Economics: Evidence of public finance risks

MEXICO - Report 08 Apr 2019 by Mauricio Gonzalez and Francisco González

Mexico’s public finance results remained unfavorable through the first two months of 2019, confirming that officials have very little financial room in which to operate, much less in which to fulfill the new government’s targets on the level of such central issues as expanding investment, increasing social spending, and stimulating economic growth. Moreover, it appears this administration will be especially slow to gear up public spending and even to begin efficiently collecting taxes as a whole new generation of officials and even lower-level public servants — deprived of the expertise of the thousands of employees who have been purged from government payrolls — are just beginning to traverse an entirely new learning curve. The situation is further aggravated by the extent to which investment, private consumption and economic growth in general have slowed, partly in response to the uncertainty stoked by the erratic and contradictory signals the government regularly serves up, as well as adverse external factors including the uncertain fate of the T-MEC/USMCA.

Pemex’s financial and operational health remains fragile, and we have yet to see anything that might bring any improvement on that front. This is especially concerning because of the direct contagion effect the company poses to public finance and Mexico credit risk.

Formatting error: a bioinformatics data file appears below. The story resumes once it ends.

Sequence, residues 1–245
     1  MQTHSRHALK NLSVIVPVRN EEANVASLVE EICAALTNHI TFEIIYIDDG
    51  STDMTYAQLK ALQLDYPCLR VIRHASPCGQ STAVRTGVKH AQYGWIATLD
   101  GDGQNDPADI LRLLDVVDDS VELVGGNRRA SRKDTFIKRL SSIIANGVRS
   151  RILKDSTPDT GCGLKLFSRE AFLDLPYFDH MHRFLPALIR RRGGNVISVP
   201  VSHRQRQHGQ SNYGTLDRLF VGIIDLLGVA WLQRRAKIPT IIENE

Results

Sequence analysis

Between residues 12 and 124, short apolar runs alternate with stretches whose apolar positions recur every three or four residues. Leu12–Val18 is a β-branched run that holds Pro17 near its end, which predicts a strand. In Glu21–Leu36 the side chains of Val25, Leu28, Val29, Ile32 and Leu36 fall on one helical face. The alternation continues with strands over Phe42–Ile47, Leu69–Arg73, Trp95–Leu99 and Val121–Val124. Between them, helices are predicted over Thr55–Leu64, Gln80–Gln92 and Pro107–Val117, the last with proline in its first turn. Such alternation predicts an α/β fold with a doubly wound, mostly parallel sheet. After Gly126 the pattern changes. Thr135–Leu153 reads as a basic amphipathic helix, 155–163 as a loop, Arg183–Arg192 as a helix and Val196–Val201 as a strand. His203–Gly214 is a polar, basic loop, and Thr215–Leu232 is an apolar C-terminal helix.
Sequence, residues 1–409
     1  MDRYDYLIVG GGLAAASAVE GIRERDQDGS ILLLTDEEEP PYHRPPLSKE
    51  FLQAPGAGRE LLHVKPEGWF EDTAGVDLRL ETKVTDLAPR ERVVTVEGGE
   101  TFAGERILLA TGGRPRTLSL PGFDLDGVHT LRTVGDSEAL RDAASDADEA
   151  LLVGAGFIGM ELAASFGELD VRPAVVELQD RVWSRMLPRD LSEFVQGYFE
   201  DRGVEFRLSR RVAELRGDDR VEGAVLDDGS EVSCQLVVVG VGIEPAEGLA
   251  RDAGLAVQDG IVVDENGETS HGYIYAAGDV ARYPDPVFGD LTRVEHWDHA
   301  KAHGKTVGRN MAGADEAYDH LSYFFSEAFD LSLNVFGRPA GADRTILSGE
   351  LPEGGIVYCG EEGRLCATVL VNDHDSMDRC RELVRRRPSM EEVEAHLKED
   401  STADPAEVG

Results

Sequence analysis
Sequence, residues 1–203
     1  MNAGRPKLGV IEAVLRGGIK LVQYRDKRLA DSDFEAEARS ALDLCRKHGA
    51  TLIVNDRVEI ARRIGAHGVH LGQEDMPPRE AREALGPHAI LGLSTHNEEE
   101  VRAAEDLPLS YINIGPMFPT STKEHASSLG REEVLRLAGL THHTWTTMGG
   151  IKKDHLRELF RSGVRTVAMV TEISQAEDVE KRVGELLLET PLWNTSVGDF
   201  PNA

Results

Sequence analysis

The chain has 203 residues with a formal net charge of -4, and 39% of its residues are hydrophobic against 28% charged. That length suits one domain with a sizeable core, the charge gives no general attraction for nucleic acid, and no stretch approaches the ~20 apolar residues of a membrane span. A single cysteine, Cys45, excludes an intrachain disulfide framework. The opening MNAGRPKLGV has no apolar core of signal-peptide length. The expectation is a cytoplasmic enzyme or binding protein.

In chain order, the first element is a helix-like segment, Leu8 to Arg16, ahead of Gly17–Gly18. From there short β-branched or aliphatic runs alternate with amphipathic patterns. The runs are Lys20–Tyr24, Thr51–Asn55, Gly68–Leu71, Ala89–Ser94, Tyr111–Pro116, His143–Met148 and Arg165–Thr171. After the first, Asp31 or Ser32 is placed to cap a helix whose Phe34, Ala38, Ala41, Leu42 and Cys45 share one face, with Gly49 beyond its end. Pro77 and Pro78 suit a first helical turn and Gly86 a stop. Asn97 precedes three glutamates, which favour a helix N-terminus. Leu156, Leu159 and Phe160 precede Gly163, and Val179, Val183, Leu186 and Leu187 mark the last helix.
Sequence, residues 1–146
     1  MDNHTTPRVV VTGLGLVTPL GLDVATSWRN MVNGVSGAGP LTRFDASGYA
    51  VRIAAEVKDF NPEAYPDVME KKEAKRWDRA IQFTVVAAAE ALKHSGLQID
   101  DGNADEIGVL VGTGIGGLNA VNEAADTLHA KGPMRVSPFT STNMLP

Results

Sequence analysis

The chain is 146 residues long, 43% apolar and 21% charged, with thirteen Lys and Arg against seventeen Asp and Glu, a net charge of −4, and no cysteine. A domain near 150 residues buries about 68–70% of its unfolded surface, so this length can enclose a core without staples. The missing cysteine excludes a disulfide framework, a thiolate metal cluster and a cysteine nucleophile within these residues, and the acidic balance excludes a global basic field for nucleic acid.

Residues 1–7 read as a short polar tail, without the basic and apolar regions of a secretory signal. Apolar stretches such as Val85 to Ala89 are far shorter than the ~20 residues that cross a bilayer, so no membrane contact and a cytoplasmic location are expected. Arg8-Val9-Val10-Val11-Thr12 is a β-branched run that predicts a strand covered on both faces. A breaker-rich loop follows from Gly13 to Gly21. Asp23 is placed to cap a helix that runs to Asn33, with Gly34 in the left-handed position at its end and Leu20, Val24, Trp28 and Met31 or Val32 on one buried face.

The federal government has announced that it intends to take additional measures to support Pemex. However, we fear that the sorts of support measures officials have mentioned only constitute palliative rather than corrective care, and they do not contemplate important measures that can help expand production of oil and natural gas. In addition, talk is currently focused on paying down Pemex debt with proceeds from the Budgetary Revenue Stabilization Fund, a legally and financially dubious proposition.

All of these concerns are underscored by the 2020 General Economic Policy Preliminary Guidelines the administration unveiled this past week, which reaffirm deficit spending limits and debt targets, but project a revenue shortfall.

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